‘Of Peacock Tears and Holy Cows’ saw Nilanjan Choudhury and Aruna Nambiar in conversation with each other about their novels. The first half of the session focussed exclusively on Nilanjan Choudhury’s mythological satire, ‘Bali and the Ocean of Milk.’ ‘Bali and the Ocean of Milk’ was subversive in showing Gods suffering from human problems like erectile dysfunction. As a result, the novel offended the religious sentiments of some people. Nilanjan recounted the difficulties he faced in getting the novel published. His publisher’s offices were vandalised, and he was forced to change his protagonists’ names so that the novel could be published without further incident.
The next point of focus was a yet-to-be-published courtroom drama by Aruna Nambiar. The satirical short story, which will be published in an anthology, is about an MLA undergoing a trial on rape charges. The story pokes fun at feminists and politicians alike, with the odd joke about the beef ban snuck into a single line.
The discussion moved on to Aruna Nambiar’s novel, ‘Mango Cheeks, Metal Teeth’, which is a coming-of-age story set in the Kerala of the 1980s. The novel also has elements of satire and comments brutally on the social malpractices of various communities. The novel also draws from her experience of living in Kerala and is partly based on people whom she knows. When asked if she felt inhibited about writing about people she knows, she replied that had she felt inhibited, she would not have written the novel at all. Further, she stresses that humour and social satire are at their best only if completely uninhibited. Nilanjan Choudhury concurred readily, and cited the example of his own novel, ‘The Case of the Secretive Sister’, as a case in point.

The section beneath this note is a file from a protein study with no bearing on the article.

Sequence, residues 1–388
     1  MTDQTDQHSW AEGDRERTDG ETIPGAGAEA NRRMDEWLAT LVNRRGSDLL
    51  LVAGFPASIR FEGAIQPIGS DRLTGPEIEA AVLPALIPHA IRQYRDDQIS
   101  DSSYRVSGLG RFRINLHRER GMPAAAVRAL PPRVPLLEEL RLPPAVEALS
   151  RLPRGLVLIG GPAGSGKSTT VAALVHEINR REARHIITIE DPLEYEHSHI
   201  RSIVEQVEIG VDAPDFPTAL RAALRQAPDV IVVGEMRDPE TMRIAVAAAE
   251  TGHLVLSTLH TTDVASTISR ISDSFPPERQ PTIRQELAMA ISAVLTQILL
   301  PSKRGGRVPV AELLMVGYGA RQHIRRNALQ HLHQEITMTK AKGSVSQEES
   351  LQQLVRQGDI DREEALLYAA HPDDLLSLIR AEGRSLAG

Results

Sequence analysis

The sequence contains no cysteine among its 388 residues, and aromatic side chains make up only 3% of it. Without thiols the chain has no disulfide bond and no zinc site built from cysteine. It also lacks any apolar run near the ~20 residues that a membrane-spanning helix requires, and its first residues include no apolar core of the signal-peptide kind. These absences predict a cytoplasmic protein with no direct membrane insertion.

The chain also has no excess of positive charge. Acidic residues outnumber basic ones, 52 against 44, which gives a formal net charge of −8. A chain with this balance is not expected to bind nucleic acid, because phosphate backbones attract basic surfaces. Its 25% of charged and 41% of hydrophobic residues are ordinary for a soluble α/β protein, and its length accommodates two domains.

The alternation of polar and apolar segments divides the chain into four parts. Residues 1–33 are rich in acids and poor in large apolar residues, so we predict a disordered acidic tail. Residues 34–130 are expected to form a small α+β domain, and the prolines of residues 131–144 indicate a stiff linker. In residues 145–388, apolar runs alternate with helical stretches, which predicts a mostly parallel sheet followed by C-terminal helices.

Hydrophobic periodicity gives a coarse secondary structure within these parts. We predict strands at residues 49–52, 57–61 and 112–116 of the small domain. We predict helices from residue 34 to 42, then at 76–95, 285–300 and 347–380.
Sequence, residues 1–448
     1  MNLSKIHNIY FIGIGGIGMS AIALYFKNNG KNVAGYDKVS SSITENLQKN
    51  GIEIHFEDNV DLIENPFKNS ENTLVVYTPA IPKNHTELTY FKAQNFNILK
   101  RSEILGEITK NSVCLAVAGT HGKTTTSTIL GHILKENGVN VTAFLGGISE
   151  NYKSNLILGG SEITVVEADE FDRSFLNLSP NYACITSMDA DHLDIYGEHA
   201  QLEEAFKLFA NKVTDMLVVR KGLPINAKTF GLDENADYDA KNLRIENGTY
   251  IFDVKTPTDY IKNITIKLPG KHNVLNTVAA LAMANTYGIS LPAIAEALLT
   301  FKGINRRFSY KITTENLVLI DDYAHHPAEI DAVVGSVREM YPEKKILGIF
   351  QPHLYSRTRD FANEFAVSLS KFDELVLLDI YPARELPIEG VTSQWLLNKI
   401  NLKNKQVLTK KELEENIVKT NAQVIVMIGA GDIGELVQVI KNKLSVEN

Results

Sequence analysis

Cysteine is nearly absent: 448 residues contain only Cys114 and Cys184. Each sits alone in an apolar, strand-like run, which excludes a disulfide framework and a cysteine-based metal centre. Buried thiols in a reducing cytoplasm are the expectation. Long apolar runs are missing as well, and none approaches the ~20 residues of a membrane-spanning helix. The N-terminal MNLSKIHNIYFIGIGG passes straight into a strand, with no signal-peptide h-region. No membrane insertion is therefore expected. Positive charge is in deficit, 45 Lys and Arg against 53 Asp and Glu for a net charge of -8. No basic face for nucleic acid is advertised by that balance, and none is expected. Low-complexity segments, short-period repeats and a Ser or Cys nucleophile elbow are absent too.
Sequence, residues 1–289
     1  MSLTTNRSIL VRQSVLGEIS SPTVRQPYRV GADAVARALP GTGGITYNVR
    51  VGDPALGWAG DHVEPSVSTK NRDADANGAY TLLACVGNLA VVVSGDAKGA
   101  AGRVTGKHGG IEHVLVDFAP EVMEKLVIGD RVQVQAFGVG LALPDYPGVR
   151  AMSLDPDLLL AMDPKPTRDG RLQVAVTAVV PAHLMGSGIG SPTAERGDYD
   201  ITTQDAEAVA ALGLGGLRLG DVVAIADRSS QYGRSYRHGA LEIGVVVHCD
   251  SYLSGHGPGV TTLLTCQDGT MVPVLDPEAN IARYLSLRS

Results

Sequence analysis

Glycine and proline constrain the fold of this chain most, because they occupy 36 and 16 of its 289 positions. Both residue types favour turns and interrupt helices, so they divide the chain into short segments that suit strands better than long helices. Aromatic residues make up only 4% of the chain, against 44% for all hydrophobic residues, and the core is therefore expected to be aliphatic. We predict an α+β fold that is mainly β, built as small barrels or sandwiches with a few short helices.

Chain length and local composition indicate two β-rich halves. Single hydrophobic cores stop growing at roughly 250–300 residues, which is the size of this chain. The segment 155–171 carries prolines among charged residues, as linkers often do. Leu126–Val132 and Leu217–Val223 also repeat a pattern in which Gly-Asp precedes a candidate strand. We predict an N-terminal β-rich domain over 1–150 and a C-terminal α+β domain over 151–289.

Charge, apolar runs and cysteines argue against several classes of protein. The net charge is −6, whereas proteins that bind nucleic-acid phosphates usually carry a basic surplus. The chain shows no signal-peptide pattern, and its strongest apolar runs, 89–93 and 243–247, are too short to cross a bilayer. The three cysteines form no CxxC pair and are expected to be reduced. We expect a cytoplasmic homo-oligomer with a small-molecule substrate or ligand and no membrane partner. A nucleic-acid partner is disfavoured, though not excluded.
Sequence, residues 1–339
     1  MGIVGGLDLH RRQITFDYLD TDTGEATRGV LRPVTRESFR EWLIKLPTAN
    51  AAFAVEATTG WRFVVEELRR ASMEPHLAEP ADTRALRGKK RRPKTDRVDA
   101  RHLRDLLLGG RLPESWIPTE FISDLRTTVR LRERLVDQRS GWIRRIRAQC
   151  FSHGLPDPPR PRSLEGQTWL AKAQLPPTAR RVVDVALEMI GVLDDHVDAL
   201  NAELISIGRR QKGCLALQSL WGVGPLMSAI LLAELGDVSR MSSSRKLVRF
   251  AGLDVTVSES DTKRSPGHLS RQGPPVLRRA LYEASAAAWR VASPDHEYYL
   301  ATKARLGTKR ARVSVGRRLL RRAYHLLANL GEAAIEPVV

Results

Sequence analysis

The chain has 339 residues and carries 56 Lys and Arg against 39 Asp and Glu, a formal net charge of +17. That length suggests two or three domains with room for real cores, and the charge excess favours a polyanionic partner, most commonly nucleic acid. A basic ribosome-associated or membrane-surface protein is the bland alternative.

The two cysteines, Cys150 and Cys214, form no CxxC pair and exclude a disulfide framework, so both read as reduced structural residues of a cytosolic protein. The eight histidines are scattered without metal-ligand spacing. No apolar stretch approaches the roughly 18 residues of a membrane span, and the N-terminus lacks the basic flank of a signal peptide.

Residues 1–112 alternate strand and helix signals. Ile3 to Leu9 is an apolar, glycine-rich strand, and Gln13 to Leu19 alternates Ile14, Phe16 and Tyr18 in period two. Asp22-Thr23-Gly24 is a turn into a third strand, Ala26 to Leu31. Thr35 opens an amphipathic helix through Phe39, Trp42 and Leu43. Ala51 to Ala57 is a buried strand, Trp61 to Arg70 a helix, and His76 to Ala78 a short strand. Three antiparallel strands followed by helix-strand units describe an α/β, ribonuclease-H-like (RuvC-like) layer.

‘The Case of the Secretive Sister’ is a comic detective novel, and it is also satirical. The novel is replete with quirky characters from various communities, and one of the characters is a nun. Nilanjan Choudhury confessed to being a little inhibited about writing about the nun because he was rather worried about the ensuing backlash. However, he went ahead and included the character without any alterations.
The session was punctuated by readings of excerpts from both the novelists’ work and was greeted by riotous laughter from the audience.
The session ended with a question-and-answer session. The first question directed at the authors was whether they did research for any of their novels. Nilanjan Choudhury admitted that he did not do any research for both his novels because he did not need to. Aruna Nambiar said that she did research on 1980s Kerala for her novel. Her research mostly focused on getting the little details—such as the music, food, fashion, and cars— right.
The writers were also asked if they had any process of writing—a question that most authors get asked nearly all the time. Nilanjan quite honestly said that he does not have any process for writing. He said, “Writing is exactly like going to the gym.”Most writers have a ritual around writing so that they can mitigate ‘’the terror of the empty page.”